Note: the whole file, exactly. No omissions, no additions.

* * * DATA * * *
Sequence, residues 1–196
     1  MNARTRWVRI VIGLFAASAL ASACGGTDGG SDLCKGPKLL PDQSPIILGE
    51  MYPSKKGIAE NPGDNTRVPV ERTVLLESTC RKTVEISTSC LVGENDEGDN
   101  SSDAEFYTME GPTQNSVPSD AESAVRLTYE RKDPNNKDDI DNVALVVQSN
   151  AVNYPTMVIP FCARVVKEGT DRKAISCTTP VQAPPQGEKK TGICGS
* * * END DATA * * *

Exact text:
Sequence, residues 1–196
     1  MNARTRWVRI VIGLFAASAL ASACGGTDGG SDLCKGPKLL PDQSPIILGE
    51  MYPSKKGIAE NPGDNTRVPV ERTVLLESTC RKTVEISTSC LVGENDEGDN
   101  SSDAEFYTME GPTQNSVPSD AESAVRLTYE RKDPNNKDDI DNVALVVQSN
   151  AVNYPTMVIP FCARVVKEGT DRKAISCTTP VQAPPQGEKK TGICGS